Although I’ve spent three years as a student at Ithaca College, I feel that I don’t truly understand the city of Ithaca — “10 Square Miles Surrounded by Reality” — in the same way that the rest of my friends do. I’ve never gotten around to doing many of the key things that are considered Ithaca favorites — partly because I don’t have a car and partly because I’m too cheap to spend money on public transportation. I’ve never been to the Factory Gorge, I’ve never eaten at Purity Ice Cream, I haven’t gotten a chance to go to the Farmer’s Market, I’ve never really made an effort to go apple-picking, and it was only earlier this semester that I went hiking at Buttermilk Falls State Park.
Despite my relative inexperience with Ithaca, I still feel that the Honeymoon Period hasn’t ended yet. There’s so much to explore and look into during my senior year.
And yet, I can still take pleasure in one of the few events I’ve made a point of attending every year since I first came here: The Apple Harvest Festival. An annual autumn celebration of everything that is quintessentially Ithacan, Apple Fest has been a dive into the gorge of local businesses and artisans, progressive organizations, artists an musicians, student groups, and endearingly eccentric local color. This year was no different, despite the less-than-ideal chill that permeated the Friday afternoon air. I’m still getting to know Ithaca, but every Apple Fest is a chance for me to better understand the community.
It shouldn’t surprise anyone to hear that Apple Fest was characterized by an abundance of apples. Always eager to try new things, I got a recommendation from one of the apple vendors to try Jonagolds, a cross between Golden Delicious and Jonathan apples. Its light sweetness and crisp flavor make it a great apple for snacking. Although I didn’t wash it down with a cup of hot apple cider, I did purchase a bottle of Bellwether Hard Cider, based out of Trumansburg. It has a nice sparkling kick that’s not too intrusive. For a sweeter sampling, there was an incredible fudge stand on Cayuga Street, where I happily devoured pumpkin- and coffee-toffee- flavored candy.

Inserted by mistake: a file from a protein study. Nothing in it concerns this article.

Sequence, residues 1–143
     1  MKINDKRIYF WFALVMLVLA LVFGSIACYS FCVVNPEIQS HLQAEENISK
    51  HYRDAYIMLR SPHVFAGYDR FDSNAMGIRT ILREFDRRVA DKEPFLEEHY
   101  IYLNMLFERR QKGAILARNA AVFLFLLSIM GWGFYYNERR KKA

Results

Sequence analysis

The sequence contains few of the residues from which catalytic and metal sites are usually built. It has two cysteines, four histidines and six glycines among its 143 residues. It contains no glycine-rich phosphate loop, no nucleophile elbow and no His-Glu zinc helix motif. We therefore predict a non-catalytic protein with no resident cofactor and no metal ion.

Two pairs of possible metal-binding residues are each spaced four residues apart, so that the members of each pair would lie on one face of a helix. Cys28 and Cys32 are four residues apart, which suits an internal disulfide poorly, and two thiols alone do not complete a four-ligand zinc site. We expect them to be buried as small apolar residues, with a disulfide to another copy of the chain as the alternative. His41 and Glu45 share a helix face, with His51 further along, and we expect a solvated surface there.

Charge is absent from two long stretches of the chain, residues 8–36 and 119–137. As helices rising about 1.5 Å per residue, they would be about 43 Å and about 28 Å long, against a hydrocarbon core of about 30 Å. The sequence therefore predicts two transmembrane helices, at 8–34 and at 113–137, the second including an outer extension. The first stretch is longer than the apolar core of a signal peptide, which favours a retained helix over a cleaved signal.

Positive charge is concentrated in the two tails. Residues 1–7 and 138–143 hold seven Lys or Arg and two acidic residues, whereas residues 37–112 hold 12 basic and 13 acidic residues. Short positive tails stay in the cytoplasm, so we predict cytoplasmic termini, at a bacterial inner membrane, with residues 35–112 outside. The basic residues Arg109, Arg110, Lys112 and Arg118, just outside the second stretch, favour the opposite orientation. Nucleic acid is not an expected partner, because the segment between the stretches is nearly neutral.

Indeed, Ithaca is well-known for its diverse array of world food and restaurants, and Apple Fest was no exception to this culinary diversity. Walking through the Commons I saw numerous stands and kiosks vending everything from hot dogs, apple cider and donuts, barbecue, Indian curry, gourmet sandwiches, gyros and souvlaki, fry bread, “Chinese-Vietnamese Authentic Food,” kettle corn, a particularly lonely-looking lemonade stand, candy apples, and fried dough, among others. If Apple Fest is meant to embody everything that is characteristic of Ithaca, it has always captured the rich diversity of cuisine in the city. And would it be Ithaca if there wasn’t a compost station as well?
Environmentalism isn’t the only form of promoting change you will find in this city. As a hotbed for progressive politics, Ithaca’s social spirit is most readily visible at Apple Fest. The IC Student Group Food For Thought held sign-ups for Walk for Plumpy’Nut, a 5K in order to raise funds to fight starvation in malnourished African countries. Likewise, the Tompkins County Public Library had a stand exhibiting all of their community programs and services for students and residents. The library used its forward-thinking pursuit of knowledge and cultural preservation to highlight nonprofit organizations, such as the Ithaca Motion Picture Project, “committed to preserving and celebrating Central New York’s Silent Film History.” This month, the IMPP are presenting an exhibition entitled Romance, Exploits & Peril, an eight part retrospective look at historical Ithacan films partly sponsored by the library. I’ve made a note to self to check out one of these presentations while they are still in effect.
Although I couldn’t look into every exhibition at Apple Fest, part of the joy was immersing myself with the locals who flock to the Commons every year, especially artists and musicians. An older gentleman playing the accordion sprinkled his set with vaguely familiar pop songs, and an acoustic guitar player improvised lyrics over strummed chords as his female companion accompanied him on harmonica. (He sang “Thank you Mister” as I dropped a few dollar bills into his guitar case.) There’s always the joy of running into old friends or meeting the colorful people that comprise the student-friendly atmosphere of Ithaca.
This year’s Apple Fest was bittersweet for me because it will be my last as a student at IC. I envied my friend Carin Pracht, who just began her freshman year here, for getting the chance to experience her first Apple Fest with wide-eyed wonder. She told me in an email, “[I] had such a fun time at Apple Fest and enjoyed getting a chance to see what the people of Ithaca are all about. It was a great event to interact with not only Ithaca and Cornell students but also local artists and entrepreneurs in the community and see their amazing talents. I believe I have started a tradition of my own in getting an “Apple Sundae” compete with caramel sauce and whipped cream! My goal will be to get one every year.”
I hope Carin the best in her discovery of everything Ithaca, and I’m glad to hear that Apple Fest served as a catalyst of cultural immersion for her the same way it did for me. I’d raise a glass of hard cider to that!